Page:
I have read the gospel accounts dozens of times. Many of the stories are familiar, so much so that I sometimes catch myself skimming them instead of reading, nodding to myself and thinking, “Oh yeah, this is THAT story!”
Matthew 9 begins with such a story, the account of Jesus returning to his home town of Nazareth. Matthew recounts how he was greeted by Nazarenes carrying a paralyzed man on a mat, bringing the man to Jesus in the belief that Jesus could heal him. Moved by their faith, Jesus did heal the man, but not before first telling the man that his sins were forgiven. This claim by Jesus of the authority to forgive sins was profound, an implicit claim to an authority that resides only with God. The subsequent act of healing was intended as confirmation of that authority.
There is a lot to unpack in the tale, about Jesus’ nature, mission and authority, but it was not until this last week that I became aware of another aspect of the story that had previously evaded me. In preparation for discussing this passage in my weekly men’s Bible study, a question came to mind about Jesus’ return home, “How many people lived in Nazareth?”
The answer is not in the Bible, so I did what any modern-day Bible scholar would do, I googled it. Lo and behold I found an answer. Scholars think the town was very small, so small as to be insignificant to people of the day. According to one article I found, the population might have totaled only 400 people.
This fact dramatically changed my understanding of the passage. In towns of 400 people, everybody in town knows everybody else in town. They know your family, your parents, your skills and abilities. They knew who you were as a child, and watched you grow up. There are no strangers in a small town.
Which means that there is a very good chance that the people who brought the paralyzed man to Jesus knew Jesus. They remembered him as a child, as a carpenter, and probably as a friend. They knew the Jesus who for 30 years had done no miracles, and who had perhaps not even taught in the synagogue. They knew Jesus before he was Jesus the Messiah.
Which means that their faith was different. The other towns Jesus visited were encountering him for the first time. Their first experience with the Messiah was of witnessing a profound spiritual lesson or miraculous healing. For them to believe in Jesus as the Messiah they had nothing to forget, no previous experiences to overcome. For the people in Nazareth the challenge was greater. The Jesus they knew, the man displaying such power, had not manifested that power in their presence before. This man, who could heal the sick and make lame men walk had for some unknown reason not healed anyone, including the paralyzed man, during the time Jesus lived in their town. This knowledge and experience with Jesus meant that for them to believe their faith had to be greater than the faith of those in other towns. I wonder if this is the reason Jesus was so moved by the faith they displayed.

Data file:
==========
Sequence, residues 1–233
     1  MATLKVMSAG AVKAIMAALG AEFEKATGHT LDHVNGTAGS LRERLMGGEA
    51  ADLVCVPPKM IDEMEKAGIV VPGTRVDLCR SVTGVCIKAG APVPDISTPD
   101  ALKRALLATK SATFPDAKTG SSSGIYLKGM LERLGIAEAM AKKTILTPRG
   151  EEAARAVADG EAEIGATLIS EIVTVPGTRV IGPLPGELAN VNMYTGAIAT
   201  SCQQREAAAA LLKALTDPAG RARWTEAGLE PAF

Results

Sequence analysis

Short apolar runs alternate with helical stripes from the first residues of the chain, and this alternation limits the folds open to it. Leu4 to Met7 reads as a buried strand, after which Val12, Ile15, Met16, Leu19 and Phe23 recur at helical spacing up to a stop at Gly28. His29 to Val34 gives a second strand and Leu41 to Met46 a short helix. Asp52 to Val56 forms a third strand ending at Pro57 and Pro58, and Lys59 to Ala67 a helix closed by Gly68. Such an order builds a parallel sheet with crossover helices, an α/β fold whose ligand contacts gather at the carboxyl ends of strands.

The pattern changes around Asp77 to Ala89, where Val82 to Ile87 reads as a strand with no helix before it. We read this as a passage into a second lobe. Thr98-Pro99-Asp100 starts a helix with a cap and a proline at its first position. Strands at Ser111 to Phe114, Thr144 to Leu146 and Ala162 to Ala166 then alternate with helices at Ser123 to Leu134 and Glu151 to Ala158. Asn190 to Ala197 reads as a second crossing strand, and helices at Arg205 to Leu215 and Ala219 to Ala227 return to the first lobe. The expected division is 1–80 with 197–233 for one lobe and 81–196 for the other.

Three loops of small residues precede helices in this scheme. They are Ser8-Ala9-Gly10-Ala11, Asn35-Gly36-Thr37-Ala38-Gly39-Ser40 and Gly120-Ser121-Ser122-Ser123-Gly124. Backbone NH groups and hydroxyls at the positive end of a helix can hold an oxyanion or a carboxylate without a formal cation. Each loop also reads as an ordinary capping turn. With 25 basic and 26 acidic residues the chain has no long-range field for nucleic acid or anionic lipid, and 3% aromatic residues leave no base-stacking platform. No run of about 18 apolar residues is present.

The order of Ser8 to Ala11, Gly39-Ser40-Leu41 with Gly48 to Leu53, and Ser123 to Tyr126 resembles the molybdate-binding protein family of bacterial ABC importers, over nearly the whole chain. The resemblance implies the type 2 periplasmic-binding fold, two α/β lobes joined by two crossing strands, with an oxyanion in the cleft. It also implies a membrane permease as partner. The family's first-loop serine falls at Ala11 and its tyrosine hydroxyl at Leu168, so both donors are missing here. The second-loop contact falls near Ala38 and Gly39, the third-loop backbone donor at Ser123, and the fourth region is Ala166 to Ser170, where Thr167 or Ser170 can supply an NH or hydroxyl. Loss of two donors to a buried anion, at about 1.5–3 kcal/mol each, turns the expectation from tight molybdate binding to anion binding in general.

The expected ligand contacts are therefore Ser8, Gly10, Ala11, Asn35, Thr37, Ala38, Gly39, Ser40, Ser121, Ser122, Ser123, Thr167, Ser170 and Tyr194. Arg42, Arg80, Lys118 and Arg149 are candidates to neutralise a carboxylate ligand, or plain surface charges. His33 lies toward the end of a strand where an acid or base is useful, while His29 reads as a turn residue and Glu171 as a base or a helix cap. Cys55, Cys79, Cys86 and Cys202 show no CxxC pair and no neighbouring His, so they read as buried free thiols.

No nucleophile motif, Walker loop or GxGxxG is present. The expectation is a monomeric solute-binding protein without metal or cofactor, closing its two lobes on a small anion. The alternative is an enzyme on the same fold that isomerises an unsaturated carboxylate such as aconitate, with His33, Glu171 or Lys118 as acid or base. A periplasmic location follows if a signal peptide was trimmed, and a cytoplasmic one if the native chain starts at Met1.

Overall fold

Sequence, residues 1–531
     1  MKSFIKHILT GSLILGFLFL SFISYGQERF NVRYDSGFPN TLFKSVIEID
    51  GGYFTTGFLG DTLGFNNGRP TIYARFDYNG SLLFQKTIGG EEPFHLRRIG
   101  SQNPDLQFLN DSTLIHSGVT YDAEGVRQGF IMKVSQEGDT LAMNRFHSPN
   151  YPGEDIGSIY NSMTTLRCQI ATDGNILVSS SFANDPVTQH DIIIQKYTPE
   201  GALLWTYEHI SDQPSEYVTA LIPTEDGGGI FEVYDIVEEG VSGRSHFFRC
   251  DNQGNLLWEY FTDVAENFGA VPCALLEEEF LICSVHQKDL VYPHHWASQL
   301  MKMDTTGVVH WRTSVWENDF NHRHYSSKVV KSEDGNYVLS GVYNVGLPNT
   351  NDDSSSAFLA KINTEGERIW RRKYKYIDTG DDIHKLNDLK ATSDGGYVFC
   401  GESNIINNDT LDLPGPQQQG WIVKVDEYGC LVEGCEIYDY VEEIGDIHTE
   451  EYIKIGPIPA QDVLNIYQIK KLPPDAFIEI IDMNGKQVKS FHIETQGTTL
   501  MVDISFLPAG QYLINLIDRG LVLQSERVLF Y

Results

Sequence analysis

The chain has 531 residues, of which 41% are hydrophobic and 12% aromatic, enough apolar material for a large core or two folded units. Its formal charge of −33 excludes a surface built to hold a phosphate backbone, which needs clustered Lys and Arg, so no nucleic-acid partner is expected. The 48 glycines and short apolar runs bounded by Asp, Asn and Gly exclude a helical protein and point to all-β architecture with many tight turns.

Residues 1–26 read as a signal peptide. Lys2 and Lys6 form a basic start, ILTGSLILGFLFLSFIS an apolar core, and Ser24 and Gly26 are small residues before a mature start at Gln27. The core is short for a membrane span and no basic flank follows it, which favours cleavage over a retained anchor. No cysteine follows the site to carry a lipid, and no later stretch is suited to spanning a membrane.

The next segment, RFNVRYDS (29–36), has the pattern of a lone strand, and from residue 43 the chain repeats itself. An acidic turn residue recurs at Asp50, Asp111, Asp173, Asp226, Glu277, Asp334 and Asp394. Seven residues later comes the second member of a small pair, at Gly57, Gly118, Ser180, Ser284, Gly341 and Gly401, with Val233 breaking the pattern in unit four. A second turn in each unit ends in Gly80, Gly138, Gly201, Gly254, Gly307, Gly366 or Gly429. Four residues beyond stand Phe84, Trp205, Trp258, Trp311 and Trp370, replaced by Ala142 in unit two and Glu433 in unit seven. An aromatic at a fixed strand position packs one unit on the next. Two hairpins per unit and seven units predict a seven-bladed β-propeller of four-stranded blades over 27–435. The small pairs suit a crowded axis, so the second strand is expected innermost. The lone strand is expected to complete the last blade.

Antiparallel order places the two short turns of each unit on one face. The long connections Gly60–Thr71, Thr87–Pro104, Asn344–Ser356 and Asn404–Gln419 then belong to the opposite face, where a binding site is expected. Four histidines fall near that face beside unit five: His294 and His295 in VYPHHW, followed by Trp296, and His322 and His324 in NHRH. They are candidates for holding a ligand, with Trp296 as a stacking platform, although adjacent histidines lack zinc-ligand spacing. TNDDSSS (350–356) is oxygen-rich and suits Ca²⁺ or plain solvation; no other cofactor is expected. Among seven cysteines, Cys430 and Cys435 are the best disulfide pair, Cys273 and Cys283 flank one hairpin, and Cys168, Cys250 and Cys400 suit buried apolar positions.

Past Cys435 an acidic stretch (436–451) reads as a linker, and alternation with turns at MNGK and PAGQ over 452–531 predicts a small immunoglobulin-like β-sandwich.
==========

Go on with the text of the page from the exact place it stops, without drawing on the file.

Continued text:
Not only did they remember Jesus, Jesus remembered them. They may have been childhood friends. There is a good chance that he had firsthand knowledge of why the man was paralyzed, including any potential family guilt, remorse or sadness at his plight. When Jesus said, “Your sins are forgiven,” it may not have been a generic, non-specific act of forgiveness. Jesus likely knew specific things that the man had done, perhaps even some things the man considered unforgivable.
Jesus also understood the obstacles they faced in having faith. He knew that they needed to be able to see him as Jesus, the Messiah and Son of God. With this in mind, he prefaced his act of healing with a statement of forgiveness, a statement of Godlike authority that was blasphemous (unless it was true!) In so doing he made it possible for them to understand who Jesus truly was.
Wow! The passage wasn’t as familiar as I thought it was!
I have not made a habit of religious blog posts over the last few years, as I know there are many who subscribe to the blog who may not be interested. Nevertheless, I have been leading a men’s bible study each week and the insights shared by the men in the group have been too remarkable to not share. For the near future I plan on increasing my posts to twice a week. My typical weekend posts will continue, but I am adding a midweek post that will focus on something gleaned from the men’s group. Feel free to read, share or ignore at your leisure!